“National happiness” is more difficult to measure than “national income”. But should governments seek maximum per capita values for either variable? Austrian-British philosopher Karl Popper did not think so. I agree.
Karl Popper believed that government cannot know what people want (indeed, perhaps we barely know this ourselves). But what it can know – and measure – is human suffering. Hunger, ill health and poverty are things that are straightforward to measure. Popper therefore argued that government should not set itself to the goal of maximising happiness, growth or “utility”, but to the minimisation of suffering, an index where its success or failure could very easily be assessed. Unlike his better-known concept of the “open society”, it is striking that this aspect of Popper’s philosophy has been largely ignored.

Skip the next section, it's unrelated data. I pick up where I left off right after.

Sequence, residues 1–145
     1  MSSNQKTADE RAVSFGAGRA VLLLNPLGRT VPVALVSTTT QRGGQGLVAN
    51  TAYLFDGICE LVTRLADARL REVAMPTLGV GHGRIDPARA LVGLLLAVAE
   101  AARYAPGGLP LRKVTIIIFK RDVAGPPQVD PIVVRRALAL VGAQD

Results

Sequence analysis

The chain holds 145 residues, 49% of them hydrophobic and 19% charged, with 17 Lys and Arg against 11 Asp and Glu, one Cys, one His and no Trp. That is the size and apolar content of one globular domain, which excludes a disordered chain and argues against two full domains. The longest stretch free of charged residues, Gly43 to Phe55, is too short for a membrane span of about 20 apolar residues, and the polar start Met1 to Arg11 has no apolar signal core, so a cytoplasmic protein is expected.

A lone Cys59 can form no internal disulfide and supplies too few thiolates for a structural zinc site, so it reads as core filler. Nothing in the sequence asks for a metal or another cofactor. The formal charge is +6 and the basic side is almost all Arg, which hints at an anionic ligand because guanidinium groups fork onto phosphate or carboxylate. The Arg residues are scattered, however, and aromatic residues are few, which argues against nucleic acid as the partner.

Carne Ross, “Hunger, ill health and poverty are simple to measure“, letter to the editor, Financial Times, 7 August 2012.
After Karl Popper (1902-1994) died in the UK, his ashes were transported to his native Vienna and buried next to the body of his wife. Two years ago I visited the grave and snapped a picture, which I posted here.